Scientists discover a strange fish “with hands” in a “needle in a haystack” find.

0

Scientists discover a strange fish with hands in a ‘needle in a haystack’ discovery.

According to researchers at the University of Tasmania, a pink handfish has been discovered in Australia after an absence of more than two decades. The sighting is extremely rare.

In a rare discovery of the subspecies, scientists have discovered a strange fish that walks along the ocean floor with its “little hands.”

The discovery of the pink handish (Brachiopsilus dianthus) on a baited underwater camera deep beneath the Tasman Fracture Marine Park left researchers ecstatic.

The elusive handfish hasn’t been seen in more than two decades, with the most recent sighting in 1999 off the coast of Tasmania, Australia.

After only four previous sightings, the strange creature, thought to live in the shallows, was declared critically endangered.

The “needle in the haystack” discovery was made in February of last year, and scientists said the sighting gave them renewed hope that the subspecies would survive.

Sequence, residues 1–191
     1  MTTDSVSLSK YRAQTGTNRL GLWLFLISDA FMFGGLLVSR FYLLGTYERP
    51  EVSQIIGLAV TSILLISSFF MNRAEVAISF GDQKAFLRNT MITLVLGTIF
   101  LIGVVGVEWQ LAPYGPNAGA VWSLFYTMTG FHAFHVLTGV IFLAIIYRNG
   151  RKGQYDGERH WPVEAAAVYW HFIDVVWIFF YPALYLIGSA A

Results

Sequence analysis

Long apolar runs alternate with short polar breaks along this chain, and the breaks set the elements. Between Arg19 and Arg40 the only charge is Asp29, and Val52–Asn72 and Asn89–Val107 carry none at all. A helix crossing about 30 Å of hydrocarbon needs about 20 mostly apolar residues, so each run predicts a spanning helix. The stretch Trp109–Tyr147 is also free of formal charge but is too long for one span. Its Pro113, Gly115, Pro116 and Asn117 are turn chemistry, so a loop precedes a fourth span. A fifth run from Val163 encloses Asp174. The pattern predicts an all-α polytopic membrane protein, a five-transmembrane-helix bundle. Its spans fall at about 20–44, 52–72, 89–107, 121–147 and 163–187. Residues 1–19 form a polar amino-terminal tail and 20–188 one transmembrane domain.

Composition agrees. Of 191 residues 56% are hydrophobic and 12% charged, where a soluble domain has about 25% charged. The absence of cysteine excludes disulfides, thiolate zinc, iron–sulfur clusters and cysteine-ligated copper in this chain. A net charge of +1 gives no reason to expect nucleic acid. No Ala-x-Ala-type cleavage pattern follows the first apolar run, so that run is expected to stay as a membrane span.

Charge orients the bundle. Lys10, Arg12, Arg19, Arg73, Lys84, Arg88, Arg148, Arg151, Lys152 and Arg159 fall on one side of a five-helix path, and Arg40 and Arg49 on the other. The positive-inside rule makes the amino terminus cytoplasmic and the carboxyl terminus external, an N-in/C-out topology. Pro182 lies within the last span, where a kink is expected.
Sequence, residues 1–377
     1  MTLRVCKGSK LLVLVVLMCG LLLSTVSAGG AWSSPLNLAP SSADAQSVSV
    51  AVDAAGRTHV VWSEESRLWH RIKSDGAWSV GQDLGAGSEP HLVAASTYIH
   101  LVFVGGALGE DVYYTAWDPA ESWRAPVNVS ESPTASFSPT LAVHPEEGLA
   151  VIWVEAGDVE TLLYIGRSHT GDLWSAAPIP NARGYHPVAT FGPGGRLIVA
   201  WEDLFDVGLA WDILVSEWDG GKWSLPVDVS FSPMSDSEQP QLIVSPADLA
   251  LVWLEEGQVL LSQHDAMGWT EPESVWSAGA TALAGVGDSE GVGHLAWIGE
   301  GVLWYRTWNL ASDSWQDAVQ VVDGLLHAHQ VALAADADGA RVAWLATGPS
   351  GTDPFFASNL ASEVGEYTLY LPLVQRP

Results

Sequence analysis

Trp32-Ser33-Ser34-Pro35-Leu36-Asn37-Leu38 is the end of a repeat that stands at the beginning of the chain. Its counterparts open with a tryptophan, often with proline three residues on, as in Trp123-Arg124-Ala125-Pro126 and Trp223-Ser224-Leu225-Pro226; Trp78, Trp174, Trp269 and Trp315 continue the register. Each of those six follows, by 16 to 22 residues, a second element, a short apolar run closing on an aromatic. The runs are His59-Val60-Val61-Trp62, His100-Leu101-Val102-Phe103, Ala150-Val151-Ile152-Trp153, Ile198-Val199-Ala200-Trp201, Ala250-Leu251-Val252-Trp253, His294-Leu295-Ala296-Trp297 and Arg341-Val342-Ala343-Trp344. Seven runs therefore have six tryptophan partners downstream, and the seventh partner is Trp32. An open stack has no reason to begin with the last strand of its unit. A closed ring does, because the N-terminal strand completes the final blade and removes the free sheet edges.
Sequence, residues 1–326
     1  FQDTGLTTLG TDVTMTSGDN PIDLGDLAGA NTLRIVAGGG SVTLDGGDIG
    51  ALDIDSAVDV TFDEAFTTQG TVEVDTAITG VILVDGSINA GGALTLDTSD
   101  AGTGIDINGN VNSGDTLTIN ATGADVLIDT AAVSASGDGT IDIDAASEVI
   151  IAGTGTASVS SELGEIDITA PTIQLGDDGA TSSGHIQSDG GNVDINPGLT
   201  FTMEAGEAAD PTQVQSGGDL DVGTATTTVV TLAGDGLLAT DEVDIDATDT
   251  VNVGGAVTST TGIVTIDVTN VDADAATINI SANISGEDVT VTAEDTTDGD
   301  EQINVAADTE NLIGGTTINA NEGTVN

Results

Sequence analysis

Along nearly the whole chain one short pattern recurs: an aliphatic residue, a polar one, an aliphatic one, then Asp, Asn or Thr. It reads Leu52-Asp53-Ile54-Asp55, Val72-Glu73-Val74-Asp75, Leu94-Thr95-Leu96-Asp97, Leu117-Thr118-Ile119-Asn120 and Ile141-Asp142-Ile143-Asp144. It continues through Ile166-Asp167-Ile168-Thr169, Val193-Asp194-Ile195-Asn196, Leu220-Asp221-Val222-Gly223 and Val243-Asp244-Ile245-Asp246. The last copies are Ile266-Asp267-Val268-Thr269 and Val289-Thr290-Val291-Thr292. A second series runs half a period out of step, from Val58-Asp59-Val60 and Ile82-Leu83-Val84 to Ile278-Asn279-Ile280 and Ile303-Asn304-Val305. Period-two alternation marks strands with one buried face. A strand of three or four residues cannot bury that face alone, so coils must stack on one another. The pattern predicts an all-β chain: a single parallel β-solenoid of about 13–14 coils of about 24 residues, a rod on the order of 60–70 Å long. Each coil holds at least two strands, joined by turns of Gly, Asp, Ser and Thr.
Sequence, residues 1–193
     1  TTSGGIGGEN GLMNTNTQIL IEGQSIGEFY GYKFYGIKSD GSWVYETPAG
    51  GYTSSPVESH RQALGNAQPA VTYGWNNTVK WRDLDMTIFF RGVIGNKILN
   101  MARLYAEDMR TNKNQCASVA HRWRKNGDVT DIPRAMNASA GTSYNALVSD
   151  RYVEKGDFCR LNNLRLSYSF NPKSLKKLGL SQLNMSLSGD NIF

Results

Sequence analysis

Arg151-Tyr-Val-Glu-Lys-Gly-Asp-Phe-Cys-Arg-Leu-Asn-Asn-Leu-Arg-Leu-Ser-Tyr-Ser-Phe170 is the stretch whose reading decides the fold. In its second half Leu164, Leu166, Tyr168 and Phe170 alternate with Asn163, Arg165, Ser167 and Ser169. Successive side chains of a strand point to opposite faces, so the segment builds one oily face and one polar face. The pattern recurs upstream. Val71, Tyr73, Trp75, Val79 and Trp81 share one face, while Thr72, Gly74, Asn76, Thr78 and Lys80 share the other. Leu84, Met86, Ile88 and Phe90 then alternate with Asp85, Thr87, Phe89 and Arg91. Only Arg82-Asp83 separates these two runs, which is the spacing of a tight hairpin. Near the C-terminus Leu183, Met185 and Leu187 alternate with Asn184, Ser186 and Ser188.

“The biggest surprise was finding a pink handfish in the park at a depth of around 120 meters,” said Neville Barrett, a marine biologist who teaches at the University of Tasmania.

“The species had only been recorded four times before this sighting, and it was listed as a rare species under Tasmania’s Threatened Species Act.”

“This is an exciting discovery that gives pink handfish hope for the future, as they clearly have a larger habitat and distribution than previously thought.”

Before being disturbed by a rock lobster, the creature was seen walking across the floor with its hand-like fins.

After watching the footage, Ashlee Bastiaansen, another University of Tasmania student, was taken aback by the creature’s fins.

“I was watching one of our rough videos and there was a little fish that popped up on this reef ledge that looked a little odd,” she told ABC.

The handfish is an endemic species in the area, according to Jason Mundy of Parks Australia.

“Collaboration is the key to surveying this extraordinary marine park,” Mr Mundy, who works for the government agency that manages the country’s national parks, said.

Sign up for one of our newsletters to keep up with all the latest news.

“Its underwater canyons and mountains are home to a remarkable diversity and abundance of marine life, many of which are found nowhere else in the world.”

The news is summarized on Brinkwire.

Share.

Comments are closed.